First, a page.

Being a guarantor, or asking someone else to be one, is a big deal. So, before you take the plunge, make sure you know what to expect.
If you’ve hit a bump in the road of your hunt for a loan because lenders keep turning you down, one way to smooth it over could be by getting a guarantor to support your application.
There are a number of reasons lenders might turn you down. Perhaps you have a thin or non-existent credit history. Perhaps you have an unreliable credit history. Or perhaps you have too much credit to your name already. Whatever it is that’s holding you back, a guarantor could be the solution.
What’s a guarantor?
A guarantor is someone who promises to repay your loan if, for whatever reason, you’re no longer able to. Because of this, it can be tricky to find someone who’s willing to sign the dotted line, as it’s a bit of a burden for them too.
Who can be a guarantor?
Almost anyone can be a guarantor. More often than not it’s a parent who’ll put their finances on the line, but partners (providing they have a separate bank account), siblings, uncles, aunts, grandparents, or friends are also eligible.
There are only really three boxes that need to be ticked to qualify for a guarantor. They must:
1. Be over 21-years-old
2. Have a good credit history
3. Be financially stable.
Does a loan guarantor have to be a homeowner?
Absolutely not. However, if your guarantor is a homeowner this’ll add extra credibility to your application - just make sure they know, in the very worst case scenario, this could put their home at risk.
How? Well, if you’re unable to repay your loan, the burden will fall onto them, and if they’re not able to foot the bill either, their home could be repossessed to allow the lender to recoup their cash.
So, as you can see, asking someone to be a guarantor, or being a guarantor yourself, isn’t a question or decision that should be taken lightly.
Can I be a guarantor with bad credit?
If someone’s asking you to be a guarantor, odds are, their credit history isn’t all that peachy, and adding another person with a less-than-perfect credit score is unlikely to help their cause.
Because of this, it’s rare a lender will accept an application for a guarantor loan if the guarantor has bad credit too - it doesn’t give them the extra confidence they’re after.
Can I be a guarantor on two loans?
There’s nothing to say you can’t be a guarantor for more than one loan. That said, there are a couple of important things to bear in mind if you’re considering this.
1. If you’re a guarantor on two loans at the same time, both fall through, and you’re required to step up for each, you could be putting yourself under a lot of financial pressure. If you’re certain you want to go through with this, just make sure you’re absolutely sure you can afford it first.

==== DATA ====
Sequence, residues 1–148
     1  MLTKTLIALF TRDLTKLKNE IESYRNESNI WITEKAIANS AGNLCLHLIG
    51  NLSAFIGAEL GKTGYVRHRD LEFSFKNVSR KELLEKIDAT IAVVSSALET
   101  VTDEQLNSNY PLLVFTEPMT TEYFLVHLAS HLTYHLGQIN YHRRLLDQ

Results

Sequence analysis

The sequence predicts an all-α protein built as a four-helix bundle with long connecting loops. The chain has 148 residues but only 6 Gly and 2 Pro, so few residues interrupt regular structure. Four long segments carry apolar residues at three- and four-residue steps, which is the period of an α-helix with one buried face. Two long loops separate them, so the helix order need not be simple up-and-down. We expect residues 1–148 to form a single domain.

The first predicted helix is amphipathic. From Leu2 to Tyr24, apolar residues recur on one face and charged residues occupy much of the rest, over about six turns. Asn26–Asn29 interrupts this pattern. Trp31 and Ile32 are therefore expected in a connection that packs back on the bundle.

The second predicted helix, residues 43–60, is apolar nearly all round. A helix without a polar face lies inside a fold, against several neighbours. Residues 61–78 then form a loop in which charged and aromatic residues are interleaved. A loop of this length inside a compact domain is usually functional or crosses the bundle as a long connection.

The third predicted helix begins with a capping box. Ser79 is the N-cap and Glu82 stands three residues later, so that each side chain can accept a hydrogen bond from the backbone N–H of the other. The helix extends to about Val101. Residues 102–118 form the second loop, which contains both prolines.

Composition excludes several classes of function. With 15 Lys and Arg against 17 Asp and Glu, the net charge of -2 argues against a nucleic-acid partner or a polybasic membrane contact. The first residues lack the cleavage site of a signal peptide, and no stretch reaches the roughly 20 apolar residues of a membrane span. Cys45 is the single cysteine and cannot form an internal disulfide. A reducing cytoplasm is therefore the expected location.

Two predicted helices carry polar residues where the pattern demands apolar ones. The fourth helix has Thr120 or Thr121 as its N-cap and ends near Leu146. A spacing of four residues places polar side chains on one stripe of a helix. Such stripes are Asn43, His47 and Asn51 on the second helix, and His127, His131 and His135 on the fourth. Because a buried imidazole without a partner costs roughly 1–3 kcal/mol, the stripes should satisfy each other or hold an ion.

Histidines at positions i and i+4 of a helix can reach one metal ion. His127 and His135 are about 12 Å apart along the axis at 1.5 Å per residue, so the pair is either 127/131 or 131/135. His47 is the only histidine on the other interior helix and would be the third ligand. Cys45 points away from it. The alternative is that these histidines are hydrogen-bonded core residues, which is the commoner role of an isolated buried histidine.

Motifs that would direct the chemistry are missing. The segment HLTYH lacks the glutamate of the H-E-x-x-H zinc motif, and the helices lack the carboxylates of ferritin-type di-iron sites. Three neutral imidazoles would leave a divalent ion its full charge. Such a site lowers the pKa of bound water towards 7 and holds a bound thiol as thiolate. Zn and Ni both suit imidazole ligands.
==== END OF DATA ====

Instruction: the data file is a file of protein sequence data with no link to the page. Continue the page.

2. When an application for a guarantor loan is lodged, lenders will be able to see the guarantor’s credit file too. This means they’ll be able to see you’re already a guarantor, and this could mean they’re less likely to accept your application.
The main reason for this is they might be worried you won’t be able to fulfil your role if you’re already committed to someone else’s debt.
Do guarantor loans affect credit?
As long as the main borrower keeps up with their repayments, being a guarantor won’t affect your credit rating. However, if they don’t keep up with their end of the agreement and the loan falls into default, it’ll be added to your file too - which will harm your rating.
Does being a guarantor affect me getting a loan?
Yes, it could. When you’re applying for any type of credit lenders will look at all your income and outgoings (including debts) to see if you can afford the credit you’re asking for, and they’ll take the loan you’re a guarantor for into consideration too.
Even though you might not ever need to step in and actually make the borrower’s payments, they have to take every possibility into account. And, if you were required to pay someone else’s debt down the line, it could affect your ability to repay your own.
Can a guarantor stop being a guarantor?
Once you’re in, you’re in. There’s no going back.
Because the decision was made to process your partner, sibling, or grandma’s application based on your credit history, employment status and other contributing factors, you can’t be removed from the loan after it’s been paid out.
This is another reason you should carefully think about being a guarantor before you say yes. Although your financial set-up might be comfortable now, your circumstances can easily change - for example, you could lose your job, or your rent might go up - and impact your ability to meet the demands of being a guarantor.
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